373 A.2d 1221 (Me. 1977), Nelson v. Maine Times

Citation373 A.2d 1221
Opinion JudgeARCHIBALD,
Party NameLorraine NELSON et al. v. Maine TIMES.
AttorneyKenneth C. Thompson, Old Town, for plaintiffs. Preti & Flaherty by David M. Cohen, Peter H. Rysman, Portland, for defendant.
Case DateJune 03, 1977
CourtSupreme Judicial Court of Maine

Page 1221

373 A.2d 1221 (Me. 1977)

Lorraine NELSON et al.


Maine TIMES.

Supreme Judicial Court of Maine.

June 3, 1977

Page 1222

Kenneth C. Thompson, Old Town, for plaintiffs.

Preti & Flaherty by David M. Cohen, Peter H. Rysman, Portland, for defendant.



The plaintiffs have appealed from a Superior Court ruling granting the defendant's motion to dismiss their complaint for 'failure to state a claim upon which relief can be granted'. Rule 12(b)(6), M.R.C.P.

We deny the appeals.

The plaintiffs, mother and minor son, are both described in the complaint as 'members of the Penobscot Tribe of Indians and reside on the Penobscot Tribal Indian Reservation, Indian Island, Old Town.'

The defendant is a newspaper published and circulated within the State of Maine, including the area of the State in which the plaintiffs live.

On February 16, 1973, the defendant published a picture of the infant plaintiff. This was done 'without his consent or authorization or the consent or authorization of his mother.' 1

The infant plaintiff contends that the publication of this photograph 'invaded the seclusion of his private life and exploited his likeness and his heritage as a member of the Penobscot Nation or Tribe of Indians.' He sought both compensatory and punitive damages.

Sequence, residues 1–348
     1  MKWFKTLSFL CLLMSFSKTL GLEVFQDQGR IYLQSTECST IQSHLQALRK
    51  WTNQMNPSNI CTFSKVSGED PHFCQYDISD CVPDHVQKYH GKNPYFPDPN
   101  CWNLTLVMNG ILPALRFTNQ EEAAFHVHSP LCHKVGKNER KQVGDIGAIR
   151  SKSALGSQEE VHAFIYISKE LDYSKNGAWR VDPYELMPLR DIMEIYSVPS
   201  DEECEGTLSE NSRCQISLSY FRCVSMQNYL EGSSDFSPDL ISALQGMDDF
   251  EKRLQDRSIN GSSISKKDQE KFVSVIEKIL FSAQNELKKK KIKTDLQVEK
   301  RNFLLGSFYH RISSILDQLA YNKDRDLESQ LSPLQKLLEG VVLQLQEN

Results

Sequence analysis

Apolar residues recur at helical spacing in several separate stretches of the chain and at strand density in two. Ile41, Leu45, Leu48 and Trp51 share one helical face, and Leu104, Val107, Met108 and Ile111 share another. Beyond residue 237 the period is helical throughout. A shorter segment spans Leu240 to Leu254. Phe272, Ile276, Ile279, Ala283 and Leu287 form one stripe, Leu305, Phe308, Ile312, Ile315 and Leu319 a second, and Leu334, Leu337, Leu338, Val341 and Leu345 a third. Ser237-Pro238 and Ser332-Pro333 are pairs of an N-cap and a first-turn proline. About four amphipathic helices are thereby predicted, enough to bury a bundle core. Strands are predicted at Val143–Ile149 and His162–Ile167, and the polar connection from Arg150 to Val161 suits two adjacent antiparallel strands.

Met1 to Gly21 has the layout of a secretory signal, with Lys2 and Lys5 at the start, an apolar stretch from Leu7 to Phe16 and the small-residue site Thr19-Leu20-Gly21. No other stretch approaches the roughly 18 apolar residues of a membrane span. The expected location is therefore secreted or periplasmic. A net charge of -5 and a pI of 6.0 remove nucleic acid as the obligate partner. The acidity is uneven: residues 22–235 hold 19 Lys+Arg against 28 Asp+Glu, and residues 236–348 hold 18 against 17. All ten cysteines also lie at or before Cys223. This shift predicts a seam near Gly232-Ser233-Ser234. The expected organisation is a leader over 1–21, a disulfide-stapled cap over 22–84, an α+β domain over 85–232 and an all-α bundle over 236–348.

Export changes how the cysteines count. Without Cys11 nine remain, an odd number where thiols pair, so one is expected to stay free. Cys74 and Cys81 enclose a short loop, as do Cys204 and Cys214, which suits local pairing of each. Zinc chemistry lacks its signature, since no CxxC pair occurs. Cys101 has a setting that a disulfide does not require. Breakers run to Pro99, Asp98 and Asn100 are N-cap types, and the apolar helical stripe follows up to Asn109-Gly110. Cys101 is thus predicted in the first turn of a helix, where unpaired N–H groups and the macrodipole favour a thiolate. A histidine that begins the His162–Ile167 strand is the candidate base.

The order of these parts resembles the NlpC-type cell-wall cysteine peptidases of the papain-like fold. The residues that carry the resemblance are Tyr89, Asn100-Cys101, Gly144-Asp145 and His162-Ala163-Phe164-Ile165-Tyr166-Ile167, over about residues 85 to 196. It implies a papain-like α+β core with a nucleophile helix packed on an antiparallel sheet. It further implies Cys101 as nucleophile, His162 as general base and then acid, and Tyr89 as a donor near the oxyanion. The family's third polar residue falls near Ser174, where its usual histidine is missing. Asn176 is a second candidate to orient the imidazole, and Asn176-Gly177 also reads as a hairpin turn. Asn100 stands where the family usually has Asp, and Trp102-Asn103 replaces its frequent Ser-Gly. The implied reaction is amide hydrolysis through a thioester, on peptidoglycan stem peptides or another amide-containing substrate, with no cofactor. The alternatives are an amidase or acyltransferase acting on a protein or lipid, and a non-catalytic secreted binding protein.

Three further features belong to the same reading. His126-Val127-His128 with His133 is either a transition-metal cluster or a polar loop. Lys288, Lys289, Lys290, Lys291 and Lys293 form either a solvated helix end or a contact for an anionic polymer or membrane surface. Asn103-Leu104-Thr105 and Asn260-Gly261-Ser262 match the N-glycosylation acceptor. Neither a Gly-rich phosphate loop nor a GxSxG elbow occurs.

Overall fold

Mrs. Nelson sought compensatory damages for her 'mental suffering and humiliation' since the 'unauthorized use of her son's picture . . . outraged and shocked her, she being a woman of ordinary sensibilities.'

We have frequently stated our reservations surrounding the use of 12(b)(6) motions. See Ace Ambulance Service, Inc. v. City of Augusta, 337 A.2d 661, 662 (Me.1975); Jones v. Billings, 289 A.2d 39, 40-41 (Me.1972); Richards v. Ellis, 233 A.2d 37, 38 (Me.1967). We would have serious doubts concerning the accuracy of the ruling, considering the theoretical amendability of the

Page 1223

infant plaintiff's complaint, were it not for the fact that at oral argument it was agreed by plaintiffs' counsel that the complaint could not be amended in any substantial manner to allege facts other than those recited therein. Furthermore, both counsel concurred that Rule 12(b)(6) was an appropriate vehicle to raise the issue sought to be determined. Neither brief suggests otherwise.

We now turn to the merits of the appeals.

In the recent case of Estate of Berthiaume v. Pratt, M.D., 365 A.2d 792, 795-96 (Me.1976), we recognized for the first time four kinds of interests, the invasion of which may give rise to a tort action for breach of another person's right to privacy. Although enumerated otherwise in Berthiaume, we restate these interests as set forth more recently in Restatement (Second), Torts § 652A at 376: 2

'(1) One who invades the right of privacy of another is subject to liability for the resulting harm to the interests of the other.

(2) The right of privacy is invaded by

(a) unreasonable intrusion upon the seclusion of another, as stated in § 652B; or

(b) appropriation of the other's name or likeness, as stated in § 652C; or

(c) unreasonable publicity given to the other's private life, as stated in § 652D; or

(d) publicity that unreasonably places the other in a false light before the public, as stated in § 652E.'

We view the infant plaintiff's complaint as an attempt to state a cause of action under three of the four grounds set forth above, which we will discuss separately.


An Intrusion Upon the Seclusion of Another

Restatement (Second), Torts § 652B...

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